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Draper Journal

Fablehaven author kicks off new book, encourages reading and creativity

Nov 21, 2018 11:25AM ● By Julie Slama

Channing Hall hosts New York Times best-selling author Brandon Mull to kick off new writing club.

By Julie Slama | [email protected]

As a youngster, New York Times best-selling author Brandon Mull read novels by C.S. Lewis, J.R.R. Tolkien, Orson Scott Card and J.K. Rowling.

“I learned how they molded characters that could resonate for the whole family,” the Utah author said. “I was able to take that concept to create characters into my own stories.”

Mull, who is best known for his “Dragonwatch” and “Fablehaven” series, shared about his newest book, “Dragonwatch: Wrath of the Dragon King,” as well as encouraged students in their own writing during an assembly at Channing Hall.

“I’m a cheerleader for reading and creativity,” he said. “It would be a very boring world without imagination. I was a massive daydreamer as a kid. I already have a lot of book three of Dragonwatch in my head, but I haven’t started writing it yet.”

While some of his writing is imaginative, Mull also said some of the best writing comes from personal experiences of authors.

“One of my more embarrassing experiences was when I was carrying a heavy backpack down a second flight of stairs,” he told students. “My backpack swung forward and I realized I could stumble down or try to jump. I jumped eight steps and hit the wall below flat on my stomach. My classmates looked at me and wondered why I belly-flopped down a flight of stairs.”

He said he wrote those embarrassing details down and later incorporated them into his writing.

Use of senses also is a key to good writing, he said. He invited three students to play the “imagination game,” where they answered questions he posed.

“All of a sudden, you know what this world they created looks like, smells like, tastes like. It’s my job as a writer to use my imagination to take you places,” he told students afterward. “Books are a good place to get lost if the story is told well.”

With “Wrath of the Dragon King,” Mull’s characters Kendra and Seth return and Celebrant, the king of the dragons, prepares to unleash his fury and take control of his native preserve. Mull teased the Channing Hall readers as he said the two young caretakers need to rally enough support of their allies to endure Celebrant’s wrath. Students also watched a trailer of the new release.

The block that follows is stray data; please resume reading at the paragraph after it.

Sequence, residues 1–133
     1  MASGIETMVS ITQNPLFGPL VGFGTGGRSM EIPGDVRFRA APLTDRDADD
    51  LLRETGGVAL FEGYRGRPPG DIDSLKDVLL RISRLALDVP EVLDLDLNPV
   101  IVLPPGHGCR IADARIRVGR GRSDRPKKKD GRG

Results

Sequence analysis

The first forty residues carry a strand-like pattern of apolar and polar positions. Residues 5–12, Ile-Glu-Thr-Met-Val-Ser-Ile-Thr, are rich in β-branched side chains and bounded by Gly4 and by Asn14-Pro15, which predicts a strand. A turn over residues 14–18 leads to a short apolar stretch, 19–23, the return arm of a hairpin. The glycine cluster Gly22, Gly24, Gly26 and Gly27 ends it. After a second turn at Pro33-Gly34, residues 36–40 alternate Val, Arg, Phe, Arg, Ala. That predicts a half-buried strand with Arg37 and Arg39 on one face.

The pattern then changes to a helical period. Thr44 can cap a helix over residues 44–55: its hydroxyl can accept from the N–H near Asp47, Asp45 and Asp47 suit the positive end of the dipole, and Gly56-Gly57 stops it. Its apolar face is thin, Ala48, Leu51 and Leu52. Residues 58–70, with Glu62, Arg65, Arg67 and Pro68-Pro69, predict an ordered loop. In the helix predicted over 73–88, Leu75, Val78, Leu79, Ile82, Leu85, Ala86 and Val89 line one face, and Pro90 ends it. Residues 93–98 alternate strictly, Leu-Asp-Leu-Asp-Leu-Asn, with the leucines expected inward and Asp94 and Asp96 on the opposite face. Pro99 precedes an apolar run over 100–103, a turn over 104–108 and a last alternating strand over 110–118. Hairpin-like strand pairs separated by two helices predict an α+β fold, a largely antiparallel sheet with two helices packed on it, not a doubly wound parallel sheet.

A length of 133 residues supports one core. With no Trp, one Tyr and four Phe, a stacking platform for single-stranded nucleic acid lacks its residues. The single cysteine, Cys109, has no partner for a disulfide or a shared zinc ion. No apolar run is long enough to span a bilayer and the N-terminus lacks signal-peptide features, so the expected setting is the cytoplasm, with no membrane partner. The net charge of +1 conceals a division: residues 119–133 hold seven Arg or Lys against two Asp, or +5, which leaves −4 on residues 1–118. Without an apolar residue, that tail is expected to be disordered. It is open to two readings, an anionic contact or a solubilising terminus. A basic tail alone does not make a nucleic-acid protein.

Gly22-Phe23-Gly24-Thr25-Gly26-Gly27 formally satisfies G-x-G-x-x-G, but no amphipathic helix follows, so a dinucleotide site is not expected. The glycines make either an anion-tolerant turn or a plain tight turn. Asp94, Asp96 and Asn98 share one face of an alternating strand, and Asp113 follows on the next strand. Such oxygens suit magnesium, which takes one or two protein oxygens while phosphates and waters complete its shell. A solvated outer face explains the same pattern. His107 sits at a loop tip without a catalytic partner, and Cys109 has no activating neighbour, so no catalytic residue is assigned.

Mull encouraged Channing Hall students as they were preparing to participate in National Novel Writing Month, or NaNoWriMo, to practice four secrets of good writing: be good observers, use their imaginations, read a lot and share their stories with others.  

He also cautioned the student writers that good writing takes hard work and dedication.

“People think they are good at the start and can get published right away, but it takes time to improve. Write to your own compass; you can’t write to someone else’s,” he said.

The “I’m All Write” novel-writing club was created by seventh-graders Abby Holland and Brynn Frohman as a way to encourage students to participate in NaNoWriMo, a national challenge for people to write a novel in the month of November. Last year, more than 58,000 met that goal, including these two students.

While it had been part of an English teacher’s curriculum in years past, Channing Hall Director Heather Shepherd said it is not this year. Both girls had volunteered to do it last year even though they weren’t in the English class.

Abby’s story was about finding an endangered ivory woodpecker’s nest and how they helped bring the birds back into the wild.

“I did a research project on them and have read a lot of encyclopedias on animals,” she said in preparing her 12,001-word novel. “It was really hard to write, but I learned about different elements in a story and developed characters and the plot.”

Brynn said it was fun.

“I planned out what I wanted, then edited it and changed it to be the story I planned,” she said about her novel that was cut from 13,000 words. “I wrote a story about a girl who saved forests from being cut down. I was obsessed with hedgehogs at the time so in the process of saving trees, hedgehogs were saved.” 

The two were encouraging their classmates to take part in NaNoWriMo and had a prize for the overall top writer with the most words in a story, which was a Kindle, autographed by Mull.

Shepherd isn’t surprised by these two girls.

“This is pretty indicative of Channing Hall,” she said. “They knew what they want and made it happen. They wrote novels last year and we are very proud of what they’ve done. They’re risk-takers in their own writing and also by starting a club. What they learned here is ingrained in their character and how they live. Their abilities will take them far when they leave and it will be good to see how what they learned here will translate into the world.”